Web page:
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For the genus of beetles, see Agabus (beetle).
The Prophecy of Agabus by Louis Cheron
Prophet, Disciple, & Martyr
Born 1st century AD
Died unknown
Venerated in Christianity
Feast February 13 (Roman Catholic)
March 8 (Eastern Orthodox)
Patronage prophets

Agabus (Greek: Ἄγαβος) or Agabo was an early follower of Christianity mentioned in the Acts of the Apostles as a prophet. He is traditionally remembered as one of the Seventy Disciples described in Luke 10:1-24.

Biblical and other traditional accounts[edit]

According to extra-biblical tradition, Agabus appears to have been a resident of Jerusalem. He is said to have been one of the seventy disciples, mentioned in the Gospel of Luke, commissioned to preach the gospel.[1] It is said that Agabus was with the twelve disciples in the upper room on the day of Pentecost.[2]

According to Acts 11:27-28, he was one of a group of prophets who travelled from Jerusalem to Antioch. Agabus had received the gift of prophecy, and predicted a severe famine which the author of Acts says occurred during the reign of the Roman Emperor Claudius.[3]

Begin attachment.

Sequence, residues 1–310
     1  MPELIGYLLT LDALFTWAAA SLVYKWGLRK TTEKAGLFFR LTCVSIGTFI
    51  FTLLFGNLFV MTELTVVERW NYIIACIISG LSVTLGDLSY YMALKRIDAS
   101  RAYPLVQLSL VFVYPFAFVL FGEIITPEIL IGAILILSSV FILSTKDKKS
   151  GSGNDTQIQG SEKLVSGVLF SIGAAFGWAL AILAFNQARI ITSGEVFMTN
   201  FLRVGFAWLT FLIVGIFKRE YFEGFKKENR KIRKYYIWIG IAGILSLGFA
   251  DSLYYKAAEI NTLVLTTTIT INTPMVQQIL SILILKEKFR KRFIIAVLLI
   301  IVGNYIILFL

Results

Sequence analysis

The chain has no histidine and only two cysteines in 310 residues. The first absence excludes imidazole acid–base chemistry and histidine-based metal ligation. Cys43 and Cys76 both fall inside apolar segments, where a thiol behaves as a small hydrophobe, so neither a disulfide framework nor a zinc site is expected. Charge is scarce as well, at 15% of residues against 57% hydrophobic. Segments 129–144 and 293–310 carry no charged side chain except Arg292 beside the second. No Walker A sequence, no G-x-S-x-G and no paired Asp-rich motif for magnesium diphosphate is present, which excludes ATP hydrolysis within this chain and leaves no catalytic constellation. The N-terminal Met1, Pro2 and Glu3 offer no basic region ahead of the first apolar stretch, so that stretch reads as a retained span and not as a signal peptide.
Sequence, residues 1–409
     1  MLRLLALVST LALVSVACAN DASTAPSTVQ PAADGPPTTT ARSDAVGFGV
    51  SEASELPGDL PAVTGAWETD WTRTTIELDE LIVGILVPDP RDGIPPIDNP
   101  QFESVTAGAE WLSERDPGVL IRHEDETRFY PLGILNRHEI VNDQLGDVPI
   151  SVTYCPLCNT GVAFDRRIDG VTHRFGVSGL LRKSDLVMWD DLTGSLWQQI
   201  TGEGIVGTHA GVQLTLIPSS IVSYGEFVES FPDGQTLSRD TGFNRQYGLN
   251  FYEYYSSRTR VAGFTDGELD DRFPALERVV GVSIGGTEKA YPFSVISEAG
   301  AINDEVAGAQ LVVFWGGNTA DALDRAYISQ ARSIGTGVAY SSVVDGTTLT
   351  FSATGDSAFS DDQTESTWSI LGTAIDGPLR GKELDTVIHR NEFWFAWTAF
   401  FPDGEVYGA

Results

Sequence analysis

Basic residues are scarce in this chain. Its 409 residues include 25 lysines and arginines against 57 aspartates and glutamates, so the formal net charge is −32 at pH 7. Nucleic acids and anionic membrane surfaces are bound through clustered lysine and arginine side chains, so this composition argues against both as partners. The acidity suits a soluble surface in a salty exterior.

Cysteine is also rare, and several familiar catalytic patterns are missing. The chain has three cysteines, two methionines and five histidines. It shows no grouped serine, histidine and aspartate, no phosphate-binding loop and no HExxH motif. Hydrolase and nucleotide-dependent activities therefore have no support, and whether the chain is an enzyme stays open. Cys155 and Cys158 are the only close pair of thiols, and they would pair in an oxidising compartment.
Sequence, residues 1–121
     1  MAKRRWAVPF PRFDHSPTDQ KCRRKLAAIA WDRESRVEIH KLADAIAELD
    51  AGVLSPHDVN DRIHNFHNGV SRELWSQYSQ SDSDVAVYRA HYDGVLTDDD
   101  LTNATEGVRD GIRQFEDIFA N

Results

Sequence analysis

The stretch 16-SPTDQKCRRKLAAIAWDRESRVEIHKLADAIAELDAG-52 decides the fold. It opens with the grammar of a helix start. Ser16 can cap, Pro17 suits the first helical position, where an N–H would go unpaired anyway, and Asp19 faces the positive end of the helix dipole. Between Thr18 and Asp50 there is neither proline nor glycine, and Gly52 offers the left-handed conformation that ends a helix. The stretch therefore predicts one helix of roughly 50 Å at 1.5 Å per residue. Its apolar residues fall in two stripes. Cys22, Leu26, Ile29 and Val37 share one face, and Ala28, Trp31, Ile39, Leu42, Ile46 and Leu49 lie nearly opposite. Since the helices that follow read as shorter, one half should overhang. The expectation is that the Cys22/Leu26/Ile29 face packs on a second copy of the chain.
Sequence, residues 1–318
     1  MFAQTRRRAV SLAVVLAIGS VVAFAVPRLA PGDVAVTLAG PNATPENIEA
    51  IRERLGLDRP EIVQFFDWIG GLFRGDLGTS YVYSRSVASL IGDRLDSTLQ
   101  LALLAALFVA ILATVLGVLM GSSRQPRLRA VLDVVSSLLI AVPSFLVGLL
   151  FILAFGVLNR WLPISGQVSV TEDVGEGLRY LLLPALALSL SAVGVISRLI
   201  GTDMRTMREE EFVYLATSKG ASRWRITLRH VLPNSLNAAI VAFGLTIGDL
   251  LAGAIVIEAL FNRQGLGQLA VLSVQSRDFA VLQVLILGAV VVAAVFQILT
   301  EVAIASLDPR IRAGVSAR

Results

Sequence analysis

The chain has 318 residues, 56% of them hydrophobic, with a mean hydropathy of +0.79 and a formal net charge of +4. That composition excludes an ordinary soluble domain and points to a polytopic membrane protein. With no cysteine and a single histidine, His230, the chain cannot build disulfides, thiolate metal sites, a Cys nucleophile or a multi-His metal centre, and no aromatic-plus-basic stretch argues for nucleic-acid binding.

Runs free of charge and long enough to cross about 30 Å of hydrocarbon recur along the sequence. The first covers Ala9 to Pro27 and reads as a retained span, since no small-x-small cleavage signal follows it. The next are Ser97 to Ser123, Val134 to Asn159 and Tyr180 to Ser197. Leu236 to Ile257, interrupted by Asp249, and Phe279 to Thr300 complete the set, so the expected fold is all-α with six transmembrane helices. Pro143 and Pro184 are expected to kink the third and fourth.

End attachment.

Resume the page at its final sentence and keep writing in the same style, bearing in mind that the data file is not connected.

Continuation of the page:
Also, according to Acts 21:10-12, 'a certain prophet', (Greek: τις) named Agabus met Paul the Apostle at Caesarea Maritima in 58 AD. He was, according to the Jamieson-Fausset-Brown Bible Commentary, 'no doubt the same' Agabus as had been mentioned in Acts 11:27-28,[4] and Heinrich Meyer stated that 'there is no reason against the assumed identity of this person with the one mentioned in Acts 11:28.[5] Agabus warned Paul of his coming capture; he bound his own hands and feet with Paul's belt to demonstrate what would happen if he continued his journey to Jerusalem, stating the message of the Holy Spirit:

"So shall the Jews at Jerusalem bind the man who owns this belt, and deliver him into the hands of the Gentiles".

Paul, however, would not be persuaded to stay away.[3]

Agabus' symbolic action has been compared [6] with the Jewish prophet Jeremiah:

Thus the LORD said to me, "Go and buy yourself a linen waistband and put it around your waist, but do not put it in water." So I bought the waistband in accordance with the word of the LORD and put it around my waist ... For as a belt is bound around the waist, so I bound all the people of Israel and all the people of Judah to me,' declares the LORD, 'to be my people for my renown and praise and honor.[7]

Tradition says that Agabas went to many countries, teaching and converting many. This moved the Jews of Jerusalem to arrest him, and they tortured him by beating him severely, and putting a rope around his neck. He was dragged outside the city and stoned to death.[2] Maas says he was martyred at Antioch.[3]


The Roman Catholic Church celebrates his feast day on February 13, while the Eastern Christianity celebrates it on March 8.[3]

See also[edit]